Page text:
"The Forbidden Kingdom"
Directed by Rob Minkoff.
Written by John Fusco.
Starring Jackie Chan, Jet Li, Liu Yifei and Michael Angarano.
Release Year: 2008
Review Date: 4/26/08
Let me make sure I'm clear on the facts
The two biggest martial arts stars in
Asia, Jackie Chan and Jet Li, have never appeared in a film
together until now.
Rather than make a film together with
Asian filmmakers, they sign off on a film from Lionsgate,
directed by the guy who gave us not only "Stuart Little", but
also its world-renowned, Oscar-winning sequel, "Stuart Little
Rather than have the film, based on a
Chinese prophecy/fantasy, be written by an Asian artist, these
two megastars signed off on a script written by a gringo who
gave us not only "Young Guns"--a good film in its own right--but
also its world-renowned, Oscar-winning sequel, "Young Guns II."
To top this all off, the film features
these two megastars as side characters...their film actually
stars a kid who was a small bit player in "24" last season and
who also starred in
To say the least, "The Forbidden Kingdom"
has a strange, strange making-of backstory. But, the movie
itself takes all of this and gives us a serviceable film experience,
thanks to nearly non-stop action and the wire-to-wire stunt show put
together by the legend in wire-fighting, Yuen Woo-Ping.
Basically, Angarano plays a South Boston youth who is literally
transported to a time in either the recent or very, very distant
past, where he wakes up in China and in possession of a staff that
must be sent back to the Jade Empire's fortress, where the Monkey
King (Li) is frozen in stone and needs the staff to release him from
his imprisonment. To get to the fortress, he'll need the help
of a drunken fist master (Chan) and a mysterious assassin/instrument
player (Liu Yifei), as well as a more-violent-than-normal-monk (also
Li), to make the magic happen.
The fight scenes are not bad, although there
are large sections where it is obvious that Chan--now in his
mid-50s--is using a double for his work, a sign that this film is
coming about 10 years too late. Worse is the fact that this
should be a Chan and Li film, not an Angarano film...this ultimately
hurts the end product, because the two megastars should be playing a
duet, not working with a four- or five-piece band. Sure, you
have to have other bit players in your movie...look at "Heat", when
Pacino and De Niro worked together, you still had an all-star cast,
but they were clearly in the background. Not so, here.
And, was Michelle Yeoh or Zhang Ziyi not available for the part of
Sparrow, the assassin? The best we could do is a woman who has
no other significant screen credit?
For the size of this production, it is
strangely low-wattage...and, I'm still surprised that this is an
American film with a majority-English dialogue track...what is the
world coming to? "The Forbidden Kingdom" isn't bad, but it is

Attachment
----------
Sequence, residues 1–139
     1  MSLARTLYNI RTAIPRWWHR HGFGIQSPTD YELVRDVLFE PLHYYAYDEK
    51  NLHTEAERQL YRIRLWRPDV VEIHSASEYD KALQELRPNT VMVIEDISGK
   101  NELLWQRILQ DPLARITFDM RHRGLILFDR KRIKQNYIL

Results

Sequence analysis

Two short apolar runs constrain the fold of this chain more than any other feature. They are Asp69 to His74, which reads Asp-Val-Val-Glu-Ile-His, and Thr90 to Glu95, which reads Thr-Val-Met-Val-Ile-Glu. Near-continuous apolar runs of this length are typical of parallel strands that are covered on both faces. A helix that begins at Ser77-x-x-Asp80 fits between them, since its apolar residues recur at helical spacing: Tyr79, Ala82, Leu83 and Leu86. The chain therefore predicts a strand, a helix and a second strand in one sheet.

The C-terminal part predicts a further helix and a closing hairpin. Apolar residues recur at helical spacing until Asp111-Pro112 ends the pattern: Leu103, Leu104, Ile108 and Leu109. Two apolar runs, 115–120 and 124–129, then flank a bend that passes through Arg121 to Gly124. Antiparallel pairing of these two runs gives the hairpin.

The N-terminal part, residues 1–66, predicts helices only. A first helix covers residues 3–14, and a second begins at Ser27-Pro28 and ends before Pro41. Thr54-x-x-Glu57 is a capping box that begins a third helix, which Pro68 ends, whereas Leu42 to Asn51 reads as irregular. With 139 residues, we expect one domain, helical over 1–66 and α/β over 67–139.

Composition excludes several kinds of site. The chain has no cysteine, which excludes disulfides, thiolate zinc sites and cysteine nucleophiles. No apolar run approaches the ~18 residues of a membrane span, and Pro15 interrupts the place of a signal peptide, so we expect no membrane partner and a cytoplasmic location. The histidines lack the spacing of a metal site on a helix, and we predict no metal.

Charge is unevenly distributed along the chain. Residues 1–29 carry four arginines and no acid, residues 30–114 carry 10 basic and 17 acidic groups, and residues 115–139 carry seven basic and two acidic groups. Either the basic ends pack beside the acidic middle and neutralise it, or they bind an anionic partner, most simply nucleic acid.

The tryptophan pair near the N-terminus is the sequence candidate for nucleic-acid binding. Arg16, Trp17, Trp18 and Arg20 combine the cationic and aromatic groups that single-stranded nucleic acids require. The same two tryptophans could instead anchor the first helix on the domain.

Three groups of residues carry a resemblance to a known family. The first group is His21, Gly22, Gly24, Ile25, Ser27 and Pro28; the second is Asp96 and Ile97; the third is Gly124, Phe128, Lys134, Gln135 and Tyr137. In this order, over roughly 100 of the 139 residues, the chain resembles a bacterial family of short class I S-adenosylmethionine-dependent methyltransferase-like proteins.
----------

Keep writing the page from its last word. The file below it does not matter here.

just kind of weird that this large an opportunity was left in the
hands of those ill-prepared to run with it.
Comments? Drop me a line at
Bellview Rating System:
"Opening Weekend": This is
the highest rating a movie can receive. Reserved for movies that
exhibit the highest level of acting, plot, character development,
setting...or Salma Hayek. Not necessarily in that order.
"$X.XX Show": This price
changes each year due to the inflation of movie prices; currently,
it is the $9.50 Show. While not technically perfect, this is a
movie that will still entertain you at a very high level.
"Undercover Brother" falls into this category; it's no "Casablanca",
but you'll have a great time watching. The $9.50 Show won't win any
Oscars, but you'll be quoting lines from the thing for ages (see
"Matinee": An average movie
that merits no more than a $6.50 viewing at your local theater.
Seeing it for less than $9.50 will make you feel a lot better about
yourself. A movie like "Blue Crush" fits this category; you leave
the theater saying "That wasn't too bad...man, did you see that
Lakers game last night?"
"Rental": This rating
indicates a movie that you see in the previews and say to your
friend, "I'll be sure to miss that one." Mostly forgettable, you
couldn't lose too much by going to Hollywood Video and paying $3 to
watch it with your sig other, but you would only do that if the
video store was out of copies of "Ronin." If you can, see this
movie for free. This is what your TV Guide would give "one and a
"Hard Vice": This rating is
the bottom of the barrel. A movie that only six other human beings
have witnessed, this is the worst movie I have ever seen. A Shannon
Tweed "thriller," it is so bad as to be funny during almost every
one of its 84 minutes, and includes the worst ending ever put into a
movie. Marginally worse than "Cabin Boy", "The Avengers" or
"Leonard, Part 6", this rating means that you should avoid this
movie at all costs, or no costs, EVEN IF YOU CAN SEE IT FOR FREE!
(Warning: strong profanity will be used in all reviews of "Hard